Some Fools in Proverbs
Have you ever been foolish? We all have. But are you a fool? Some people live in “folly.”
The book of Proverbs addresses the fool. It defines his character, his behavior, and his misery. But not all “fools” are alike. For this reason, Proverbs uses different words to discuss different kinds of fools. Let us look at a few of them.
(1) There is the teachable fool. He is called “the simple one.” The Hebrew word,
phethaim, comes from a term that means “to be open.” We consider “open-mindedness” to be admirable. But there is such a thing as being so open-minded that your brain could “fall out” — as Guy N. Woods used to say. Or as Shakespeare put it, we can be “lackbrain.”
We say that some are naive, gullible, or too trusting. This individual is untrained; he cannot discern what would cause him great harm. He “lacks sense” (Prov. 7:7, ESV). He is easily persuaded by a strong influence, or he is easily controlled by a domineering personality.
But “the simple” can be taught. If he will listen, he can be instructed in wisdom — skill for living. Accordingly, Solomon said that proverbs are designed “to give prudence to the simple” (Prov. 1:4).
(2) There is also the hardened fool. He is
kesil — Hebrew terms for thick and stupid. He makes foolish decisions, but he is not young or naive. He is, rather, a hardened fool. He “despises wisdom and instruction.” “They [fools] treat these virtues as worthless and contemptible” (Allen P. Ross, “Proverbs,” Expositors’ Bible Commentary, p. 907). “Doing wrong is like a joke to a fool” (Prov. 10:23, ESV), and he is not going to be persuaded by reason or collective wisdom (cf. Prov. 26:16).
The hardened fool has developed his character by a series of foolish decisions — a life of folly. He will continue in foolishness, because changing would be too difficult. He hates instruction, is quick to be angry and contentious, can be explosive, is the center of controversy, has loose lips, and associates with evil (cf. Prov. 1:22; 18:6; 19:1; 17:12; 20:3; 10:18; 13:19).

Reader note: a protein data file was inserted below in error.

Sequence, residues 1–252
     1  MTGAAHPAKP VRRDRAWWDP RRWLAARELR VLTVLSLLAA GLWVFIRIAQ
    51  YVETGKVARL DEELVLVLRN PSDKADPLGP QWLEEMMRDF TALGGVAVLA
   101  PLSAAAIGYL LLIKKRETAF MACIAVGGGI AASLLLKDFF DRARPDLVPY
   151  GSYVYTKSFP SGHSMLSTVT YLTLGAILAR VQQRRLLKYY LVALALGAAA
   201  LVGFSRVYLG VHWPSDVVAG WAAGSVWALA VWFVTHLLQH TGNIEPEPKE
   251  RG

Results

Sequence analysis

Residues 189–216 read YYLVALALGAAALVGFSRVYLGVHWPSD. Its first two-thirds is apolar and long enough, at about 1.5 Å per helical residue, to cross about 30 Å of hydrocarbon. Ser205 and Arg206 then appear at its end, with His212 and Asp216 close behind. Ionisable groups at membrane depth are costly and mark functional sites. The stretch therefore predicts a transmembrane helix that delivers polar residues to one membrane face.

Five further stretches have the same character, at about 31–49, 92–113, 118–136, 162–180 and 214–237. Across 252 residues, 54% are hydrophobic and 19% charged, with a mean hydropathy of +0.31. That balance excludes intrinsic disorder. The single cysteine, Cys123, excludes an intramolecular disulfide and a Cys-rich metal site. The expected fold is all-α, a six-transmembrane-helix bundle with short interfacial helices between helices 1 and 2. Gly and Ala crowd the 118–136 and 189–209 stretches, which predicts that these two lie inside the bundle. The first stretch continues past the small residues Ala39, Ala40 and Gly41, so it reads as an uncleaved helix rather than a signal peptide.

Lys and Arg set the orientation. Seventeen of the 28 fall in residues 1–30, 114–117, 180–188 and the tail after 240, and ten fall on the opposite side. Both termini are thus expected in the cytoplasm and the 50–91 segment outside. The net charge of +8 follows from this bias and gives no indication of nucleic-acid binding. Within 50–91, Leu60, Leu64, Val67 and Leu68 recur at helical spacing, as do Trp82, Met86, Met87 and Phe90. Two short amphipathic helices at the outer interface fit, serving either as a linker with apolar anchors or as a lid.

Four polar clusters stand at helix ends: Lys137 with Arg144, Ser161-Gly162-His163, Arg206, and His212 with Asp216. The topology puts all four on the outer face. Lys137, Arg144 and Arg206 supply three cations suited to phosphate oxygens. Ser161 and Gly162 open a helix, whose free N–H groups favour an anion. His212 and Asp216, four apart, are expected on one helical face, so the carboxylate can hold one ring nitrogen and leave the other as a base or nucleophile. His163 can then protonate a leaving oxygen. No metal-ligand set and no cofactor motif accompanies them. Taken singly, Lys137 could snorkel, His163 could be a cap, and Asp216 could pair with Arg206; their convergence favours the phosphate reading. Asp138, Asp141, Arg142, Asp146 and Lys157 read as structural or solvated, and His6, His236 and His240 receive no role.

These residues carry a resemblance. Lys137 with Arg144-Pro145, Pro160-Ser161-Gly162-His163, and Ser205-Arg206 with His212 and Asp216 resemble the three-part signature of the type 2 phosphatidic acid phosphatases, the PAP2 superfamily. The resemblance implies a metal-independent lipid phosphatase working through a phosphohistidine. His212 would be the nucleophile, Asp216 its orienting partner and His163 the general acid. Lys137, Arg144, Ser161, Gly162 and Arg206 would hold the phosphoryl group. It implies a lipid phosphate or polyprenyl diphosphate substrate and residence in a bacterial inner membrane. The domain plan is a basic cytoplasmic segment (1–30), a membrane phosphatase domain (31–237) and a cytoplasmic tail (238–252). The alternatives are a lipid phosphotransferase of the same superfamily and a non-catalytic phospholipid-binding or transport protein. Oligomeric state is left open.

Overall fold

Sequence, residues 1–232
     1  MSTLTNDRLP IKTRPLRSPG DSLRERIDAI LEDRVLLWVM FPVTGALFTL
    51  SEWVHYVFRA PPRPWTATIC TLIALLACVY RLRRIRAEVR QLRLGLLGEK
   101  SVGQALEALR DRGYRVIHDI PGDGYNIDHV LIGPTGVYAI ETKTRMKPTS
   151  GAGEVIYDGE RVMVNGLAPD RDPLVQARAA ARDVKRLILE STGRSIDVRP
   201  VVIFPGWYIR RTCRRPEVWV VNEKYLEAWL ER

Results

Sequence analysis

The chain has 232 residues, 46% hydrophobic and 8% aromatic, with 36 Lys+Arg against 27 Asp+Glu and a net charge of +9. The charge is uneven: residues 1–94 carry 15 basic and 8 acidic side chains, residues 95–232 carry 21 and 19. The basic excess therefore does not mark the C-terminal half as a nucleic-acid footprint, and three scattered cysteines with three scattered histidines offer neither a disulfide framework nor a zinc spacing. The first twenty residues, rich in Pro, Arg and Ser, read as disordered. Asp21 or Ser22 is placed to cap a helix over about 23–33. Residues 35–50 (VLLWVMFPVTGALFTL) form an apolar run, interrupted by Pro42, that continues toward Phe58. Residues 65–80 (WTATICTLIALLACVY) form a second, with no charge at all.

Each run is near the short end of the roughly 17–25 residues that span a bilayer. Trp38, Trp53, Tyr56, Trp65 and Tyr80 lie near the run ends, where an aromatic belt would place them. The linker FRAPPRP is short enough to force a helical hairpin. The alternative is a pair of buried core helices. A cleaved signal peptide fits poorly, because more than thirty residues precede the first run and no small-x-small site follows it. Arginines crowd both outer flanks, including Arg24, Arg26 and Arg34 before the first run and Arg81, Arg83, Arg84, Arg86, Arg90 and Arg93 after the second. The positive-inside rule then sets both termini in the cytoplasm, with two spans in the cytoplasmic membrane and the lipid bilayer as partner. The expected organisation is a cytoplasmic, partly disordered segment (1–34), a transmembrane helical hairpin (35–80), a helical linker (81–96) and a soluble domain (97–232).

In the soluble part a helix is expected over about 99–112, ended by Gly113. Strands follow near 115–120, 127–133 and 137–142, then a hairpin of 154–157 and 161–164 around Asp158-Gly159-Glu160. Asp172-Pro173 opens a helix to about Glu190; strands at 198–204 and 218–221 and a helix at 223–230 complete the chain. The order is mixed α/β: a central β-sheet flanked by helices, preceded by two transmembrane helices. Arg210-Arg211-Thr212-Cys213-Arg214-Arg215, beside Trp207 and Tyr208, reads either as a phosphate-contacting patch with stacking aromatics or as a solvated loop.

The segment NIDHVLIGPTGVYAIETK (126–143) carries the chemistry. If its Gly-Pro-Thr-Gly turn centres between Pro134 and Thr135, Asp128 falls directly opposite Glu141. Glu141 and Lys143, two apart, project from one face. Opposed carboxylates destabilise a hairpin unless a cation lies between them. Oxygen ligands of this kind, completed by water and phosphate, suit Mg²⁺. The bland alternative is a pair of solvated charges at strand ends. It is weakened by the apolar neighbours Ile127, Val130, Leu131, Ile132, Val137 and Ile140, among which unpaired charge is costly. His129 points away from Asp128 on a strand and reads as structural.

Unfortunately, one who chooses to be such a fool cannot have sense even beaten into him. “A rebuke goes deeper into a man of understanding than a hundred blows into a fool” (Prov. 17:10, ESV). “Crush a fool in mortar with a pestle [i.e., a club-shaped instrument for grinding] along with grain, yet his folly will not depart from him” (Prov. 27:22, ESV). John Paterson summarizes this mentality: “Neither through the pores of their skin nor through the avenues of their hardened hearts could one drive in wisdom: they were mentally immune to instruction” (The Wisdom of Israel, p. 66).
As a related Hebrew term (
nabal) illustrates, the fool is a wicked person. “The fool hath said in his heart, There is no God” (Ps. 14:1). “Insensibility to God, as well as moral insensibility, close the mind to reason” (Louis Goldberg, “Nabal,” Theological Wordbook of the Old Testament, Vol. 2, p. 547). We don’t want to be this kind of person, and we do not need wicked, fool-like companionships (1 Cor. 15:33).
(3) Then there is the arrogant fool. He is the
letz — the scoffer. “‘Scoffer’ is the name of the arrogant, haughty man who acts with arrogant pride” (Prov. 21:24, ESV). Paterson describes these people: “They were past masters in the art of heckling and they rejoiced with malicious joy to disrupt a meeting” (p. 67). Solomon explained: “Scoffers set a city aflame but the wise turn away wrath” (Prov. 29:8, ESV). Solomon encouraged his reader to: “Drive out a scoffer, and strife will go out, and quarreling and abuse will cease” (Prov. 22:10, ESV). The scoffer is not content with going his own way; he delights in the ruin of others.
Wisdom is living with spiritual perspective (Prov. 1:7). Fools disregard the word of God. There are many things in life over which we have no control. But we don’t have to be naive, thick, stupid, or wicked — living as if this world is all that matters.
We live with wisdom if we listen to God’s Word. Ask God for wisdom. He gives it abundantly to anyone who will listen and diligently pursue it (James 1:5).